Licensing appeals to flood courts

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Chatting with the Westminster justices' office the other day, I learned that instead of the expected winding down of activity, they are winding...

Chatting with the Westminster justices' office the other day, I learned that instead of the expected winding down of activity, they are winding furiously up. The reason? Day after day, they are receiving notice of appeals against the city council's decisions.

With many thousands of licensed premises in the capital, it is a mammoth task to process all the transitional applications, especially when so many of them came in at the last minute. But the problem in Westminster is compounded by the considerable opposition to increases in hours and the regular refusals of applications duly made for variations.

It will be the same in certain other densely-populated areas of the country, I have no doubt, but the sheer volume in West-minster is going to cause major problems for the courts. The appeals are likely to run into hundreds, and there just is not the court time or the availability of magistrates to hear all of them between now and the second appointed day on 24 November.

They will do their best to fit them in, I am sure, but with the number of variations still to be heard by the licensing authority itself, there is going to be no slow-down in references to the magistrates on appeal, unless a couple of things happen.

One is that a particular decision is made which affects the likely outcome in a number of kindred applications. This would normally only be possible if someone within the City takes a particular point to the administrative court, rather than to the magistrates. But again, time is not likely to be on the side of appellants, unless they can persuade the business managers and the judges that it needs to be heard quickly.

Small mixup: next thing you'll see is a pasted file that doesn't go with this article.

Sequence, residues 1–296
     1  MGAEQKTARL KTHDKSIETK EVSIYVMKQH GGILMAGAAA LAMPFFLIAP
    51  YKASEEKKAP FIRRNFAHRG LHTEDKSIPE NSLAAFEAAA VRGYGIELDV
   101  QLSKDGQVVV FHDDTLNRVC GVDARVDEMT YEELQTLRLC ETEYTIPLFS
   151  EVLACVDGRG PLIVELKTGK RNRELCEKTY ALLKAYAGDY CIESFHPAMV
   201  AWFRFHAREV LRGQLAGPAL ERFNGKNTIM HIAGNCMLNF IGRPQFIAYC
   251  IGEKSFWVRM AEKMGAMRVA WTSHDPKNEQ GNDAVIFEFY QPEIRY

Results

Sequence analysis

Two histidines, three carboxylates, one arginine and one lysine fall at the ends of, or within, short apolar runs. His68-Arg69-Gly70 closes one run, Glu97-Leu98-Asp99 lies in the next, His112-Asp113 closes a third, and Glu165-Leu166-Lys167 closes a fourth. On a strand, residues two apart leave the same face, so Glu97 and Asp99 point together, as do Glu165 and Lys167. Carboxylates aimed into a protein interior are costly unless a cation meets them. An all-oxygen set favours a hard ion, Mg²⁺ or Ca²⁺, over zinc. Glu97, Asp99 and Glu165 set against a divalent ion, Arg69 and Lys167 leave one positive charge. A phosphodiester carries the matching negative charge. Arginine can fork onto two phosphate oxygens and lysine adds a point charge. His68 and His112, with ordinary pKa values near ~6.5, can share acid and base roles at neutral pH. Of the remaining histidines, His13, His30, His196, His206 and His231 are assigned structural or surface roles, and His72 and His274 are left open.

The second is, of course, a change of heart by Westminster on some of the less contentious matters, so that more variation applications go through with some relaxation of time and conditions.

Alas, my own feeling is that this will not happen either. There is a very entrenched view in the West End of London, with strong opinions from the responsible authorities that I have already mentioned on this page, coupled with a firmlyworded policy document that Westminster vigorously defends as being appropriate for its unique situation.

The result may be that a number of variation appeals will not have been heard by 24 November. This means that those premises will retain their 'grandfather rights, as long as their Part A application has been accepted. But they will not be able to open for any longer hours, or remove restrictions, until the outcome has been decided by the bench.

Related topics Licensing law

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